22 years is a long time to wait for an album, just ask My Bloody Valentine fans, who waited almost the exact same amount of time between their 1991 opus Loveless and its highly-anticipated follow-up m b v. It’s impossible not to compare their trajectory to their shoegaze contemporaries, Slowdive, who have also had a 22 year break in between albums – although the same kind of expectation was never placed on them. Whereas Kevin Shields was reportedly feverishly working on MBV’s third album for the whole two decades, Slowdive broke up, worked on other projects, receded into obscurity and seemed to be forgotten about for the same amount of time. Probably nobody was as surprised at their resurgence as they were, their back catalogue gaining traction in the wake of internet music message boards, use of their songs in movie soundtracks, and a whole slew of Souvlaki-indebted bands cropping up in recent years. So, with renewed interest in their old project, what option did they have but to reform and start playing to the biggest crowds they’ve ever played to in their lives?

Reuniting in 2014, and having toured fairly solidly since, the band has reminded crowds all over the world why they are an essential and important band in the history of guitar music. But now comes the hard part: proving that they still have the chops write and record relevant and exciting music in 2017. The practically self-titled m b v managed to root itself in the scorching guitars we loved from My Bloody Valentine’s first two albums, but also push their sound into new and experimental areas thanks to Kevin Shields’ staunch necessity to do something unique. Slowdive’s comeback album is also self-titled, but rather than re-shape their sound, it’s more of a statement that the band can still do exactly what it used to do.

The set lists from their tours of the last few years have drawn largely from the guitar juggernaut second album Souvlaki, with a sprinkling of cuts from their earlier output, and selections from their atmospheric, experimental third album Pygmalion being minimal. Thus, it’s no surprise that Slowdive plays like an album full of tracks ready to slot in alongside those Souvlaki favourites on stage.

One of Slowdive’s trademark features is their way to make large, hulking songs sound weightless, giving the listener themselves easier access into imaginary flight, slow-motion memories or fantastical reveries. On Slowdive there are moments when they create this inter-galactic grace as well as they ever have, but sometimes their desire to reinstate their ethereal prowess can seem a little prescriptive. Opening track ‘Slomo’ has a title that basically tells you what they want you to picture as you listen, but that aside it’s still a magnificent piece. It’s the aural equivalent of watching a large geode magically floating and slowly revolving in the air, catching the light in all kinds of ways; ‘Slomo’ does a perfect job of reinstating Slowdive in 2017. Lead single ‘Star Roving’ is a relatively straightforward jump-to-lightspeed belter that will sit happily alongside ‘Souvlaki Space Station’ in their cosmic live sets.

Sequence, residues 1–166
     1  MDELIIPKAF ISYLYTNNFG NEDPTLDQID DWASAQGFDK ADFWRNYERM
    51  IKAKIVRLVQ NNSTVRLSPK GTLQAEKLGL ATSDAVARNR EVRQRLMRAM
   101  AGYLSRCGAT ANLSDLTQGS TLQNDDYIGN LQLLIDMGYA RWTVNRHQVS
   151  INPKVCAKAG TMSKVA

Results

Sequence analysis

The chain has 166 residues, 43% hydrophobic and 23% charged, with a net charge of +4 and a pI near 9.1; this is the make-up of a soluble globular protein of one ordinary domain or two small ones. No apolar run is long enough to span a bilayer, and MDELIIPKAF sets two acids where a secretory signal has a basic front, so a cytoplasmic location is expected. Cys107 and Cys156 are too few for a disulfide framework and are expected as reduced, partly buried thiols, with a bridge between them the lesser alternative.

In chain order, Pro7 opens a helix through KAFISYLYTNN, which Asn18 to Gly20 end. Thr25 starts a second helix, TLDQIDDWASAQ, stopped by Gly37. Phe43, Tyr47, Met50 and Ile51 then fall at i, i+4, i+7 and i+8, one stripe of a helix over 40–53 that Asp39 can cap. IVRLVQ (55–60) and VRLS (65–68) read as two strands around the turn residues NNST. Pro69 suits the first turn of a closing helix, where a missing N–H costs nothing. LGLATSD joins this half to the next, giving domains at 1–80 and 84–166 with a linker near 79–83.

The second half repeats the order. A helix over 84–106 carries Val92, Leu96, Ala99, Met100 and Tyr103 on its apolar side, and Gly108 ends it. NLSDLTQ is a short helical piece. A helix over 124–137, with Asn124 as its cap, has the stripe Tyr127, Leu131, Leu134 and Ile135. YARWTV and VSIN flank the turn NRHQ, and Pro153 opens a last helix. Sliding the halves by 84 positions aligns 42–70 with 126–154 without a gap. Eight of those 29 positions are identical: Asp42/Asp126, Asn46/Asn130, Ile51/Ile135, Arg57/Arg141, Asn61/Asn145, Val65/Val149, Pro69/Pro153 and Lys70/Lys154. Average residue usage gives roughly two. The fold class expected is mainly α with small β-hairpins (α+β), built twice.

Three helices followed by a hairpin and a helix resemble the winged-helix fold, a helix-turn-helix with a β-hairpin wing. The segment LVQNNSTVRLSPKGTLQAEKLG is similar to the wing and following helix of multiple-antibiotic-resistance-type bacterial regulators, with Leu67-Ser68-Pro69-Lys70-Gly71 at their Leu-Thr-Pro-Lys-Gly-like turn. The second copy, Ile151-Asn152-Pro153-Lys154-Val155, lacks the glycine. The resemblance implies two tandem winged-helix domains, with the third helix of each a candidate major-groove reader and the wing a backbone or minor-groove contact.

On ‘Go Get It’ the main hook of “I wanna see it/ I wanna feel it” sounds like a placeholder lyric – Slowdive at its best doesn’t need to tell you to feel. Nevertheless you can connect to the burning desire for freedom expanding out from Neil Halstead’s heart in the searchlight guitars that fire out in all directions as he expresses his needs. ‘No Longer Making Time’ seems like a direct nod to the band’s ageing and the decades spent doing other things. While the titular central lyric is not particularly original, it does tap into something we often feel. The feeling of losing time is made acute through the scouring guitar work underneath, making it seem like the ground is running away before you’ve even had time to take your next step.

Slowdive is at its best when it sounds unlike any other band. The Rachel Goswell-led ‘Don’t Know Why’ is a particular standout, as her heavenly vocals sound like they’re condensed into syrup and being drizzled delicately over the atmospheric guitars and tumbling drums that underline the slithering shape of the song. ‘Everyone Knows’ throws all of their most gorgeous traits into a blender and comes out with a puréed shoegaze scorcher, coming out smooth and vitalising, with Goswell's ghostly voice providing the underlying kick. Closing track ‘Falling Ashes’ is a gorgeous 8-minute unfurling beauty of pianos and aural space, but the repeated phrase “thinking about love” once again seems to directly tell the listener what they want you to feel – fortunately they’ve provided the perfect soundscape for doing exactly that. Then there’s ‘Sugar For The Pill’, which is ever so close to being a bad re-hash of 80s soft rock radio, but is saved by the band’s innate abilities for gorgeous atmosphere, turning it into a subtle but devastating earworm.

Overall Slowdive is a strong return for this now-much-loved band. They’ve delivered on all the levels that fans would have desired: beauty, atmosphere, emotion and grandiosity. Although at times in the lyrics it can get cloying, unoriginal and oversentimental, there is always the soft cushion of the blurred guitars and ribbon-like piano melodies to keep you on board. Slowdive are now a festival-headlining act thanks to their beloved back catalogue, but these songs seem set to please these larger crowds just as much as any of their old favourites.